As with multifocal eyeglasses, bifocal contact lenses are designed to provide sharp vision up close and at a distance. Various designs are available depending on the specific needs and adaptability of the patient.
Monovision is a contact lens fitting technique that is an alternative to bifocal contacts. Using this technique, the eye doctor fits a close-up prescription contact in one eye for reading and a distance vision contact in the other. The technique can be very effective for some patients, but requires some adaptation and sometimes results in compromised depth perception. Monovision fitting can be performed with virtually any type of standard or specialty contact lens.
Hybrid contact lenses
Hybrid contacts are large-diameter lenses that have a rigid gas permeable central zone, surrounded by a peripheral zone made of soft or silicone hydrogel material. The purpose of this design is to provide the visual clarity of GP lenses, combined with wearing comfort that is comparable to soft lenses.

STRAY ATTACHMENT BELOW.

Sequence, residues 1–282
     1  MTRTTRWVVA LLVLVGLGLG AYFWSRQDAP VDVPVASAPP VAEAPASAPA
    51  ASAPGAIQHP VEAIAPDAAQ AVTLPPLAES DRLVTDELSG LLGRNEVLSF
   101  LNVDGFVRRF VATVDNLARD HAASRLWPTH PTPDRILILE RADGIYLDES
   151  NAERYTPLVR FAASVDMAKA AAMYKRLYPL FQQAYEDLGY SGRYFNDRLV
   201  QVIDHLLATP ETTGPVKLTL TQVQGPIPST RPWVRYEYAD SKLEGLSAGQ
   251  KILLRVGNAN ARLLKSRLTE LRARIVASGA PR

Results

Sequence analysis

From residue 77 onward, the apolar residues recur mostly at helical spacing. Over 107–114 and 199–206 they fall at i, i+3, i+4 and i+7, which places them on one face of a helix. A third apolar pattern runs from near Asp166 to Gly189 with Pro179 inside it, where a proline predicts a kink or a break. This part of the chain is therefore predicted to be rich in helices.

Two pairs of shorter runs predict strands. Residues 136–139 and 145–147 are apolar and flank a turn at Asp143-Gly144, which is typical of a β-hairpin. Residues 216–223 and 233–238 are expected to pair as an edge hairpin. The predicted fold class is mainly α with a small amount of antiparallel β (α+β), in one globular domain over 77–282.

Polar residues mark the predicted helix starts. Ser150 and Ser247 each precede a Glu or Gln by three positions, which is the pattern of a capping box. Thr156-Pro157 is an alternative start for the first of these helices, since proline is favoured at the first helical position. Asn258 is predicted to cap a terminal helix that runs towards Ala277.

Hybrid contacts for keratoconus have a special design that enables the central GP zone of the lens to vault over the irregularly shaped cornea. Hybrid lenses also are available for the correction of nearsightedness, farsightedness and astigmatism in healthy eyes.
Soft contacts for keratoconus
Today there are even custom soft contact lenses that can correct mild to moderate keratoconus. These special, made-to-order soft lenses sometimes are more comfortable than gas permeable or hybrid contact lenses for people with keratoconus or irregular corneas.
Custom soft contacts for keratoconus typically have a larger diameter than regular soft lenses and have either a medium or high water content. Examples include KeraSoft IC lenses (Bausch + Lomb) and NovaKone contact lenses (Alden Optical).
Sometimes custom soft lenses are recommended for people with keratoconus who enjoy excellent vision with GP or scleral lenses but cannot wear rigid lenses comfortably all day. For example, custom soft lenses might be worn for leisure activities during the day, and GP or scleral lenses might be worn for night driving and other activities that demand sharper vision.